How can you go wrong with Humphrey Bogart? I decided to give a try to Beat the Devil on the strength of Bogart being its star. After all, I'd enjoyed his performance in The African Queen a great deal, andBeat the Devil seemed to promise the same style of adventurous fun as that film.
Alas, Beat the Devil never really takes off. The film's storyline revolves around a bunch of mercenary characters who plan to sail to East Africa where they propose to (illegally) make their fortunes in the uranium mining business. Ironically, the crucial point of the movie is precisely that they don't go anywhere, but are kept waiting impatiently around the docks as one thing and another go wrong, until it all falls apart. This isn't a spoiler, by the way, since the opening sequence of the film is the criminals being led away in chains with Bogart announcing that he's going to tell us what led up to their capture.
Like the plans of the incompetent crooks, Beat the Devil feels like a mish-mash that never fits together properly, and it never offers a particularly interesting story. Nor does it ever succeed in being funny, despite being billed as a comedy; the story simply sags along quietly from beginning to end.
True Bogart fans won't find this release of Beat the Devil to be satisfying, either: it's the 1954 edited 89-minute version of the film, not the original 1953 100-minute version.
The other main feature on The Humphrey Bogart Era is an episode of the Jack Benny Show featuring Bogart as a guest star. The complete 30-minute program is included on the DVD. Personally, I didn't find it particularly interesting, and the abysmal image quality certainly made it more difficult to appreciate to begin with; I'd expect this segment to be of main interest to viewers who are already familiar with (and fond of) The Jack Benny Show.
Speaking strictly from a historical perspective, there is one aspect of The Jack Benny Show episode that is macabrely fascinating: its sponsorship by Lucky Strike cigarettes. I'm a non-smoker myself; I grew up with Surgeon General's warnings and I've witnessed the gradual dwindling of smoking as an accepted and normal activity. But even though I know to expect a lot more smoking in older movies than in modern ones, my jaw dropped at the opening sequences of The Jack Benny Show. First, we get a lengthy testimonial from "Lou Little, football coach" extolling the virtues of cigarette smoking and the tastiness of Lucky Strikes; then we get a healthy-looking advertising man enthusiastically promoting the Lucky Strike brand; last but not least, Jack Benny himself reminds us that the show is sponsored by (you guessed it!) Lucky Strike. It's one of those moments that in a small way captures the change from one generation to the next.
The black-and-white feature film Beat the Devil is presented in 1.33:1, which is reasonably close to its original 1.37:1 aspect ratio; unfortunately, it appears to be in nearly its original state of disintegration as well. Some shots are obviously unrestored, with a brownish tint and a distinct flicker that's particularly noticeable in the light-colored areas of the image. The larger portion of the film's footage appears to have been cleaned up very slightly, insofar as the flicker is concerned, but the image is nonetheless very poor. The image is degraded by noise and numerous print flaws and scratches. Contrast is too extreme throughout the film, with light-colored areas generally completely white and darker areas easily becoming solid black; the result is an over-bright and over-dark image with little detail.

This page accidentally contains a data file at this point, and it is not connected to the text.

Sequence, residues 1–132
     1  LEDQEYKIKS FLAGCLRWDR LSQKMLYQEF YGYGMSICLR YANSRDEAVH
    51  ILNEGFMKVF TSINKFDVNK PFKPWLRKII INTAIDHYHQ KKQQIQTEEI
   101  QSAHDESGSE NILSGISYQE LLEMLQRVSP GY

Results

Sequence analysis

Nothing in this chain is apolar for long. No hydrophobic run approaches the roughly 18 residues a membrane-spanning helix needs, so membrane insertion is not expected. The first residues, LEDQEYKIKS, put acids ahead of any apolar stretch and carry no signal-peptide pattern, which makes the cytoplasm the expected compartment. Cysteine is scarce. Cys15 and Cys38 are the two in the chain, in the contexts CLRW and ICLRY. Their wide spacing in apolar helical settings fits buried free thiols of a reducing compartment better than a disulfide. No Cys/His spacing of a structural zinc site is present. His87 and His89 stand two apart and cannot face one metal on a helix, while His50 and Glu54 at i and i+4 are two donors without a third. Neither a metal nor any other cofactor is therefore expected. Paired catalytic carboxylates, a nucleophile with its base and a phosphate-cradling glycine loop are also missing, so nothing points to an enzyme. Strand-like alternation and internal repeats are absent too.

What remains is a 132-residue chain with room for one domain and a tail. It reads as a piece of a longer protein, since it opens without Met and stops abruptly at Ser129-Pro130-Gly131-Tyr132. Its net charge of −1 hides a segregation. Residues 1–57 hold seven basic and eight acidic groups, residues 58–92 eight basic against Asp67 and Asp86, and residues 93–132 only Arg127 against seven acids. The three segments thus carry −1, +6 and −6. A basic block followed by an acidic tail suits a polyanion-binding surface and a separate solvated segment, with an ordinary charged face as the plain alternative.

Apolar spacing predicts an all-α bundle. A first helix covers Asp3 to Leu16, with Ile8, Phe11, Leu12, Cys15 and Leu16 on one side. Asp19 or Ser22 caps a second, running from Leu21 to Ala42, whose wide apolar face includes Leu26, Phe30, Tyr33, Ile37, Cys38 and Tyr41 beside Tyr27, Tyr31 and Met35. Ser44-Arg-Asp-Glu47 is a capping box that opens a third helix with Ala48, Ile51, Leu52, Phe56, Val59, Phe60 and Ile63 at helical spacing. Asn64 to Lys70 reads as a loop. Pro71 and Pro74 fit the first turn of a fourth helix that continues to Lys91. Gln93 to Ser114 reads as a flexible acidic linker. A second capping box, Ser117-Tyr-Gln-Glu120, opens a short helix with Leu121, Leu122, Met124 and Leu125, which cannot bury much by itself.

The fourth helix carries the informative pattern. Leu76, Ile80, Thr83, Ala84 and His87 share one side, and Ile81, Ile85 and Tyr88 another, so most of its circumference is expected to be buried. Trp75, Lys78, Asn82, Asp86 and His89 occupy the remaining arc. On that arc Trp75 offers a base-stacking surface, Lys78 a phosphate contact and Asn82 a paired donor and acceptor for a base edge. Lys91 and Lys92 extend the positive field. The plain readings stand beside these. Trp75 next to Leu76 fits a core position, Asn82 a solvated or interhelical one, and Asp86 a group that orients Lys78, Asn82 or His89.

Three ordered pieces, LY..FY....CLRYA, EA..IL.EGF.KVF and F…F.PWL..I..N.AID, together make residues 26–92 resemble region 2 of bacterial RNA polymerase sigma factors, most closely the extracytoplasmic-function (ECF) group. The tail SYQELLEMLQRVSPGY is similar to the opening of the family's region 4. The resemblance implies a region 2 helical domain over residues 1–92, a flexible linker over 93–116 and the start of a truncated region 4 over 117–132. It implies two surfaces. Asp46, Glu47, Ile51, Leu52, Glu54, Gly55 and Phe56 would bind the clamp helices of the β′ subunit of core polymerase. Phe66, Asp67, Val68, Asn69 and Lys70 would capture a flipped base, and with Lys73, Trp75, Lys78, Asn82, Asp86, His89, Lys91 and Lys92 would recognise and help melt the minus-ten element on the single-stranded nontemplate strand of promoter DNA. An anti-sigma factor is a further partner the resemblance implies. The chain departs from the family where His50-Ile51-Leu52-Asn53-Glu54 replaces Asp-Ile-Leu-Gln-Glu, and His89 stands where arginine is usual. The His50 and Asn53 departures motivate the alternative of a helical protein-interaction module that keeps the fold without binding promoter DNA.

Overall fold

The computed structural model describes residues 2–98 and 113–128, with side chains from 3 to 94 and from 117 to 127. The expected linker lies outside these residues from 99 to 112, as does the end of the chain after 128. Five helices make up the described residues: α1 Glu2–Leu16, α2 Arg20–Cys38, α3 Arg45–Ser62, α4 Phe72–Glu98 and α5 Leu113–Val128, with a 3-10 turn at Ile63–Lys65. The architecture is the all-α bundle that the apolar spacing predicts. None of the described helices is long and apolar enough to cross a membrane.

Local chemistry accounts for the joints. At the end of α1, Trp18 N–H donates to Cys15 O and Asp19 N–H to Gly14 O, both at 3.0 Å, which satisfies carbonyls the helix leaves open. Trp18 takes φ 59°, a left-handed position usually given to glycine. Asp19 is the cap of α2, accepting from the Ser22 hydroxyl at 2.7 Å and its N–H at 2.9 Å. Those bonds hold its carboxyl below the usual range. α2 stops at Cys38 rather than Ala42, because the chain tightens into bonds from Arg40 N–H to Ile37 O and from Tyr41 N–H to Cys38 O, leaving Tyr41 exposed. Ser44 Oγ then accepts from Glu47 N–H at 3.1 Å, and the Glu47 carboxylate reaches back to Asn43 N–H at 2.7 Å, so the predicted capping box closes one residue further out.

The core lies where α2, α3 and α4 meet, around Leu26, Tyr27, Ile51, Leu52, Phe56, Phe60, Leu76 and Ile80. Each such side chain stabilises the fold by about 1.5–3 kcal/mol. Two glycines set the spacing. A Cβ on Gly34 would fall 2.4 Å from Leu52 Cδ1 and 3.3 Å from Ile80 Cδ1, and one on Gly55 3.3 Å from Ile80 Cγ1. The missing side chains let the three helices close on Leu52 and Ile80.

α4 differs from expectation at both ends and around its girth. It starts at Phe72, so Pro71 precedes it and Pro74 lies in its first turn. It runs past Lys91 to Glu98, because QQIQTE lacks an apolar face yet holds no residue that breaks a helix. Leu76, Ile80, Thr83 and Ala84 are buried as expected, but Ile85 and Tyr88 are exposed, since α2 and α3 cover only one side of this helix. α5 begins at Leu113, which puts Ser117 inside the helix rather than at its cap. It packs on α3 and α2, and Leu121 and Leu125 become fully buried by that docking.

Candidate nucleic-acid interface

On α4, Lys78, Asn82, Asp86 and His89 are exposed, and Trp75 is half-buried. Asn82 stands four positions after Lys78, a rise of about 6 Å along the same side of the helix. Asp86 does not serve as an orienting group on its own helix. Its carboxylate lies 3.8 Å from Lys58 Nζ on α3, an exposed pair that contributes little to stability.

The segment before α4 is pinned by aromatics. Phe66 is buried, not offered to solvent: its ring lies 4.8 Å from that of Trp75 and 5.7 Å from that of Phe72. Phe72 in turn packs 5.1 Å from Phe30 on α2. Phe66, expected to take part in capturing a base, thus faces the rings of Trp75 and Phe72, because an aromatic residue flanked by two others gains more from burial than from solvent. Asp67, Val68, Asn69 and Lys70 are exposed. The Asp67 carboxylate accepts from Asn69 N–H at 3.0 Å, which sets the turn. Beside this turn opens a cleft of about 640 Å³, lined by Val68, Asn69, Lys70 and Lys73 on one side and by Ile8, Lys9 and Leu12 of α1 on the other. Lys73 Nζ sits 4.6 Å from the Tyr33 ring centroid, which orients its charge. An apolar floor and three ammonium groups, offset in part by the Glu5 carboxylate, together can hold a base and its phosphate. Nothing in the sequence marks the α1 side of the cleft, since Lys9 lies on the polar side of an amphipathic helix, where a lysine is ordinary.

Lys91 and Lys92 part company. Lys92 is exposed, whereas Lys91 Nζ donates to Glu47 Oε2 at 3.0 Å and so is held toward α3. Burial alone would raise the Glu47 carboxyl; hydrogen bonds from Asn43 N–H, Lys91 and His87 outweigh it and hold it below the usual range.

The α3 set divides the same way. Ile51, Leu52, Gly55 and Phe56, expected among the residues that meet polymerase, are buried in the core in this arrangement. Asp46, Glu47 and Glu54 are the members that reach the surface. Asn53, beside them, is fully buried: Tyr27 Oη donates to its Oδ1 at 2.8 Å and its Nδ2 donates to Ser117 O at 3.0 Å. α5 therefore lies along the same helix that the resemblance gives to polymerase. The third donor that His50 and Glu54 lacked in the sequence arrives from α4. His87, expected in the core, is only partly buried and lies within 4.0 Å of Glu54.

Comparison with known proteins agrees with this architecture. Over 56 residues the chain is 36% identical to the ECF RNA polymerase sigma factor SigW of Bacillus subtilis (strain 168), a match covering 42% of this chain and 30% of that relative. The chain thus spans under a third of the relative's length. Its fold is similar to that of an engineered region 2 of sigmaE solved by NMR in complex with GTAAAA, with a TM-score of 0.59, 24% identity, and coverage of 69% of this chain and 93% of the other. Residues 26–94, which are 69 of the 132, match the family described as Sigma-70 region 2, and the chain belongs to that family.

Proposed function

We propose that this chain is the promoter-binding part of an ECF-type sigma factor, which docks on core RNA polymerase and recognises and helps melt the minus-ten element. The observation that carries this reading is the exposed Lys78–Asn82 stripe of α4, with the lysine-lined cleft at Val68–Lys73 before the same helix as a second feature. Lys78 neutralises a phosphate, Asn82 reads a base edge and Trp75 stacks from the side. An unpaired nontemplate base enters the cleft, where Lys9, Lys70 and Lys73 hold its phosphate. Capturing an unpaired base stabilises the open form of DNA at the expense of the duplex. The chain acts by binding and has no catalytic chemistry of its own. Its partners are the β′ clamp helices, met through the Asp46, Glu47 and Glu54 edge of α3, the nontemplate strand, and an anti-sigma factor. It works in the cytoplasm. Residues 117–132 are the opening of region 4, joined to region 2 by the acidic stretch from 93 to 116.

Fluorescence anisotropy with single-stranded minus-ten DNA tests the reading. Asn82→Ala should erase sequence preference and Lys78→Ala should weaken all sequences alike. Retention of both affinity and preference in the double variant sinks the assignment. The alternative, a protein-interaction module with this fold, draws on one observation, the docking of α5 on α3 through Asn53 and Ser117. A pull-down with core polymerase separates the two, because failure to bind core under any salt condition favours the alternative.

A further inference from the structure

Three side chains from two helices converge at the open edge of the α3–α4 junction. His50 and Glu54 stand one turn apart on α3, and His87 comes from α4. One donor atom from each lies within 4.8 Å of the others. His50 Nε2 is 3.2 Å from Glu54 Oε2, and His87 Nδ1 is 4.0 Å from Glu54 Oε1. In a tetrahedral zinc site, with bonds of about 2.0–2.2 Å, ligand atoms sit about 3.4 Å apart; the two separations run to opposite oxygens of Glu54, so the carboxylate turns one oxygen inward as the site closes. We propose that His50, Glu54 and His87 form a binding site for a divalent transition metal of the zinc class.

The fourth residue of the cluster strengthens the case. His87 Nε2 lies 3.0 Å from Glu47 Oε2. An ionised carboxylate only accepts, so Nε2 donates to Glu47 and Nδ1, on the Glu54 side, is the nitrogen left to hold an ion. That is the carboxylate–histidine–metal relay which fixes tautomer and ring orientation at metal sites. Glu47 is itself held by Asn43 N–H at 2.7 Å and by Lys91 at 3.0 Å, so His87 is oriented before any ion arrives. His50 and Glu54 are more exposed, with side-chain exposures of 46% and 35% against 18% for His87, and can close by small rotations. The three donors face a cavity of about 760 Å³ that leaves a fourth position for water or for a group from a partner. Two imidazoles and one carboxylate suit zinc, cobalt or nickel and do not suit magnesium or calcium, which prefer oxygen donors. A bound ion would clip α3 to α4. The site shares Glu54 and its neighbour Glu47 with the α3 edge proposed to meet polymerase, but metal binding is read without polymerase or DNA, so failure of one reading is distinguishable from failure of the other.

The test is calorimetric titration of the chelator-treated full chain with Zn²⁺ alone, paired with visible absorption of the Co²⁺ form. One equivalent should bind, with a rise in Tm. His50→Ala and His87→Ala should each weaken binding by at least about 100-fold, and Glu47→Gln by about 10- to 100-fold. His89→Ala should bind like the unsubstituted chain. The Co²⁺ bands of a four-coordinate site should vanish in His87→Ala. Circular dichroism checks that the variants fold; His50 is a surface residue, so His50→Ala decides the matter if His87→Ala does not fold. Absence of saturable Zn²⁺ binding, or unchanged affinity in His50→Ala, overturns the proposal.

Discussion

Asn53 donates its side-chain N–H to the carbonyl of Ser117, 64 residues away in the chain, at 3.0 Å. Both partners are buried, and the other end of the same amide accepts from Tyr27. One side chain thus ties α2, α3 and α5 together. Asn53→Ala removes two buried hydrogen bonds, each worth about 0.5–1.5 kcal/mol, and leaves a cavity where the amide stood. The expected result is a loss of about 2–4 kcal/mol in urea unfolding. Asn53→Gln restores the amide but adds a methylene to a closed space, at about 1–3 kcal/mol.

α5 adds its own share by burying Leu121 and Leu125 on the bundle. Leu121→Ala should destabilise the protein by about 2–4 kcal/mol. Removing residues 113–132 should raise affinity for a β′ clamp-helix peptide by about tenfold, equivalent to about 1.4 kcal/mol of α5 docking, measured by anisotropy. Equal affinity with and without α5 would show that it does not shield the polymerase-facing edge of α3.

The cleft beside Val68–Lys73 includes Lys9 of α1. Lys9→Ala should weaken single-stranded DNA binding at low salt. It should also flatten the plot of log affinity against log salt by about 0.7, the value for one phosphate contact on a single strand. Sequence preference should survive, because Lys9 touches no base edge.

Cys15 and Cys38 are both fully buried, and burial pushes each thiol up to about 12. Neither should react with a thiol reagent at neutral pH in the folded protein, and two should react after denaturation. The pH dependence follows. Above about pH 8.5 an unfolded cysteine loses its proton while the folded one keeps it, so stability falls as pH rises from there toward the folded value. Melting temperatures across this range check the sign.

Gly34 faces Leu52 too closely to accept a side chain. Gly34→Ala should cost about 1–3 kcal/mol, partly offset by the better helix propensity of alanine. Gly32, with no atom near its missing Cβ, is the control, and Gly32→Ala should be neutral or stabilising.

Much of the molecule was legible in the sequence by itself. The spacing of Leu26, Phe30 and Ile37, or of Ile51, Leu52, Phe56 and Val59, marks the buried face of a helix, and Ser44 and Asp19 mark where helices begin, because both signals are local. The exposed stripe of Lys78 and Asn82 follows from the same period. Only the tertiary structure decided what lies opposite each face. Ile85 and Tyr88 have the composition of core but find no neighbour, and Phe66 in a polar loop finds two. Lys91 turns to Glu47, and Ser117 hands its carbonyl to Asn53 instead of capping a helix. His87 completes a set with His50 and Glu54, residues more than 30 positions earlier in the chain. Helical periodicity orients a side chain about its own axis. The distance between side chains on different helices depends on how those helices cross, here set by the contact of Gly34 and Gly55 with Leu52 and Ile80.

At some point, a line has to be drawn to say "this material is in too poor a condition to sell on DVD," and I have to confess that I'd put The Jack Benny Show segment of The Humphrey Bogart Era well over the "not acceptable" line. In addition to noise and print flaws, the contrast is completely off: the image is essentially pure white with black outlines indicating the bodies of the cast and the furniture. Faces are white blobs with only an occasional detail visible to tell one actor from another.
The two-channel mono soundtrack for Beat the Devil is acceptable, considering the poor condition of the accompanying image. I did notice a touch of harshness in the sound at times, particularly in the band music played at the beginning and end of the film. Overall, the sound is very flat, but dialogue is strong and clear even when there are other noises in the background. Sound quality for The Jack Benny Show segment is slightly worse but still in the same general range.
It's difficult to draw the line on this disc as to where the feature ends and the special features begin. If we consider that Beat the Devil and the episode of The Jack Benny Show are the main content of the DVD, the special features are all found on the second disc of the two-disc set. This is actually a music CD, not a DVD; it contains twenty tracks from the 1940s, ranging from Louis Armstrong to Billie Holliday to Bing Crosby.
Die-hard Bogart aficionados may find this disc to be of minor interest, but given the poor image quality of the material here, I really can't recommend even a rental. Probably the best bet is just to skip The Humphrey Bogart Era completely.